Jordan Bentley Opens Hypland Store in L.A.’s Little Tokyo: A First Look

It’s a new chapter for Hypland founder Jordan Bentley.

The 27-year-old Los Angeles native — unifying the world of streetwear, anime and gaming — has opened his first physical shop at 200 South San Pedro Street in Little Tokyo. Launched in 2010, his brand has collaborated with the likes of Hello Kitty, Dragon Ball Z, Yu-Gi-Oh, as well as the NBA and Netflix, growing a fanbase along the way.

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“I think it starts at childhood,” he said of bringing his idea to reality. Speaking a mile a minute, he’s quick to note the support he’s had around him; at the root is his mother, Stephanie.

“She has just always been super encouraging,” he went on. “She’s the back end of the business.”

Seeing his love for both anime and drawing as a kid, his mom enrolled him in a youth art class at Otis College of Art and Design. And when he began selling sweaters with his designs to classmates in high school, she trademarked the business.

“I remember I made maybe 50 at the time,” Bentley said of the tops. “I brought them to school, and I made $1,000 that day. That’s when I thought, ‘Dude, this could be a serious business.’ And my mom naturally just always supported me. She was doing the things necessary to make sure I was set up.”

The 1,500-square-foot store features apparel from past collaborations and new drops, alongside vintage home accessories and <a href="" rel="nofollow noopener" target="_blank" data-ylk="slk:gaming;elm:context_link;itc:0;sec:content-canvas" class="link ">gaming</a> equipment.

He had unofficially started the brand when he was in junior high, influenced by L.A. streetwear and skateboard culture — admiring Supreme and The Hundreds.

“It was me just making clothes in my house,” said Bentley. “I was sewing stuff in my room at the time. I got a silkscreen machine. I was just literally drawing some stuff, printed in the living room, sold it at school. It was just an expression of myself.”

He was full of ideas — not yet focused on bridging fashion with his love of anime and gaming. It was the late Virgil Abloh who guided him toward that path. Bentley was in college then and enrolled in a mentorship program run by Abloh.

“I had the conversation with Virgil, in I think 2015 or 2016; he was just like, ‘Look, you need to figure out which one of these brands you want to do,’” Bentley continued. “In my mind, when I first had that conversation with him, afterwards, my initial thought wasn’t getting into anime. Anime was not at the forefront of my mind. But he was always very adamant on, like, ‘You can take elements from these anime characters and put them on things.’”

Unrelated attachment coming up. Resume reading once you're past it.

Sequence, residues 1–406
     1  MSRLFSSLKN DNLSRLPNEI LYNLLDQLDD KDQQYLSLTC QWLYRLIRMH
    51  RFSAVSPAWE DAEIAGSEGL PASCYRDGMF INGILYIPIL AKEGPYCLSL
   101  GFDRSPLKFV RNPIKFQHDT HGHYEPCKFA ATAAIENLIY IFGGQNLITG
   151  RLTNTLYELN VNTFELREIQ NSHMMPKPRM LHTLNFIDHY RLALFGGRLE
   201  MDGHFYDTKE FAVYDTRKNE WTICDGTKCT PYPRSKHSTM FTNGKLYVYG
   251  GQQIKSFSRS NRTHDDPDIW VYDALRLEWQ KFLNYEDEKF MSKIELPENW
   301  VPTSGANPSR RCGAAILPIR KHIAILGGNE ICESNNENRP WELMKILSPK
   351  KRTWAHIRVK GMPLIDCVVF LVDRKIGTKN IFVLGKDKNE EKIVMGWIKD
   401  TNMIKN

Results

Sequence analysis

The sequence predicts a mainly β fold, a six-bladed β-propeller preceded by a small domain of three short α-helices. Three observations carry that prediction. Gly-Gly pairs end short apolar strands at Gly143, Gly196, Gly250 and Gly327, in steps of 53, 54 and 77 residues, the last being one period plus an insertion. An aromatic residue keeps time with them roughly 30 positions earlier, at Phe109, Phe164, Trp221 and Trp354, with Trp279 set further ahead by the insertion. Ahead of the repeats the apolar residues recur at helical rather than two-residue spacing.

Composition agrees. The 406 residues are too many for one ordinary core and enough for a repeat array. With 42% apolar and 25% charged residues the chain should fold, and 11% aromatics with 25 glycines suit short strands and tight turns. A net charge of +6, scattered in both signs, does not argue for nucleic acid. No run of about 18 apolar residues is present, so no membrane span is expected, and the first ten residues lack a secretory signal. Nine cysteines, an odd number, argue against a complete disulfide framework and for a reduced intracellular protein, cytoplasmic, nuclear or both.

About two months later Bentley had a dream that he had collaborated with Dragon Ball Z. The Japanese anime series had been his favorite. (“I had all the games and figures.”) He decided to explore the idea after visiting Mike Cherman, creator of Chinatown Market, another mentor. Cherman was heading to an expo in Las Vegas where there would be reps from all the top anime brands and companies including Dragon Ball.

“I was really that kid that didn’t get a chance to go to the anime expos — my mom was so busy, and it was just me, her and my brother,” Bentley said of his childhood. This was his chance, however, and he took it. He drove to Vegas with his mother, he said, and there, he approached all the major companies.

“Everyone said ‘no’ but a lady at this company, Viz Media,” he said. “She took the risk, gave us the collaboration, and literally, like, from then on the brand just headed in that direction naturally.”

Hypland already had a following at the time with a growing online presence, but the partnership — which was with the Japanese manga series Bleach — was a turning point for Hypland, and Bentley had found his niche.

“There weren’t a lot of people doing anime stuff at that time,” he explained.

Inside Hypland in L.A.’s Little Tokyo.
Inside Hypland in L.A.’s Little Tokyo.

After hosting a series of lively pop-ups (serving as both entertainment and retail experiences, attracting lines with thousands) in L.A. and other major cities through the years, he found himself looking for a hub: “It’s not realistic for me to be doing pop-ups in L.A. every time, and I needed to make something permanent.”

In Little Tokyo, the 1,500-square-foot store features apparel from past collaborations and new drops, alongside vintage home accessories and gaming equipment. The space is designed to feel like a gamer’s home, with vintage coffee table books, manga magazines, anime statues and, of course, games — chess sets, PS5s, GameCubes, N64s and arcades.

“Because I’m genuinely a fan of the anime, gaming space, I know exactly what people want to see,” said Bentley.

Centered in community, the store is a fixed space to continue to unite and entertain; Bentley plans to throw many more events, while helping to support the businesses around him.

“There’s all these different things that fit adjacently with our brand,” he said of Little Tokyo, the vibrant downtown L.A. neighborhood. “It’s like, you come buy a T-shirt from us, but now you’re going to Mandarake to buy a statue or you’re going to buy vintage video games from the businesses next door. And if you’re into Japan, you probably like Japanese food. We’ve got the best Japanese food around us.”

Moving forward, he added, “For me, my main focus is really just to keep growing the brand through community.”

Inside Hypland.
Inside Hypland.

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